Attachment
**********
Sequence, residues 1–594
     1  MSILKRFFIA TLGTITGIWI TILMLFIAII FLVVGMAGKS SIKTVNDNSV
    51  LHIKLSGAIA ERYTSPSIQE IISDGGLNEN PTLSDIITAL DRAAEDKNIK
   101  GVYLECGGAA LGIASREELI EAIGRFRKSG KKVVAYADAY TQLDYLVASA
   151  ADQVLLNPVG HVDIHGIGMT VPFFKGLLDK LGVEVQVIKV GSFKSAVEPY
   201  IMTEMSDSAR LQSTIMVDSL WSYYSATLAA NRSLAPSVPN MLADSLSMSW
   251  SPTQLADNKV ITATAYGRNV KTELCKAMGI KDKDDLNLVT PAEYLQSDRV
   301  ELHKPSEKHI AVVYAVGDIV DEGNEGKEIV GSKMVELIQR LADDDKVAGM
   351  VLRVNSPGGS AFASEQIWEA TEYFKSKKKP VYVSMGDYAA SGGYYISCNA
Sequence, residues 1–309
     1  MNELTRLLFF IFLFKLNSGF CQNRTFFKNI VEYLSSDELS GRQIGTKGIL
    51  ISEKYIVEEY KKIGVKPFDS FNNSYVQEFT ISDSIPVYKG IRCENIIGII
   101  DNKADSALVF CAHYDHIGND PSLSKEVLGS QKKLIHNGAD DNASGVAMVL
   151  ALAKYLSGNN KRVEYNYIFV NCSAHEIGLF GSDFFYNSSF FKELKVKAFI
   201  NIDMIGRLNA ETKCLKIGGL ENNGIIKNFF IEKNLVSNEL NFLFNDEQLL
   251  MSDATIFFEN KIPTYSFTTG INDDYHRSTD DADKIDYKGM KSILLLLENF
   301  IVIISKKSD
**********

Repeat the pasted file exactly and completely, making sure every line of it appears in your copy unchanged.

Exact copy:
Sequence, residues 1–594
     1  MSILKRFFIA TLGTITGIWI TILMLFIAII FLVVGMAGKS SIKTVNDNSV
    51  LHIKLSGAIA ERYTSPSIQE IISDGGLNEN PTLSDIITAL DRAAEDKNIK
   101  GVYLECGGAA LGIASREELI EAIGRFRKSG KKVVAYADAY TQLDYLVASA
   151  ADQVLLNPVG HVDIHGIGMT VPFFKGLLDK LGVEVQVIKV GSFKSAVEPY
   201  IMTEMSDSAR LQSTIMVDSL WSYYSATLAA NRSLAPSVPN MLADSLSMSW
   251  SPTQLADNKV ITATAYGRNV KTELCKAMGI KDKDDLNLVT PAEYLQSDRV
   301  ELHKPSEKHI AVVYAVGDIV DEGNEGKEIV GSKMVELIQR LADDDKVAGM
   351  VLRVNSPGGS AFASEQIWEA TEYFKSKKKP VYVSMGDYAA SGGYYISCNA
Sequence, residues 1–309
     1  MNELTRLLFF IFLFKLNSGF CQNRTFFKNI VEYLSSDELS GRQIGTKGIL
    51  ISEKYIVEEY KKIGVKPFDS FNNSYVQEFT ISDSIPVYKG IRCENIIGII
   101  DNKADSALVF CAHYDHIGND PSLSKEVLGS QKKLIHNGAD DNASGVAMVL
   151  ALAKYLSGNN KRVEYNYIFV NCSAHEIGLF GSDFFYNSSF FKELKVKAFI
   201  NIDMIGRLNA ETKCLKIGGL ENNGIIKNFF IEKNLVSNEL NFLFNDEQLL
   251  MSDATIFFEN KIPTYSFTTG INDDYHRSTD DADKIDYKGM KSILLLLENF
   301  IVIISKKSD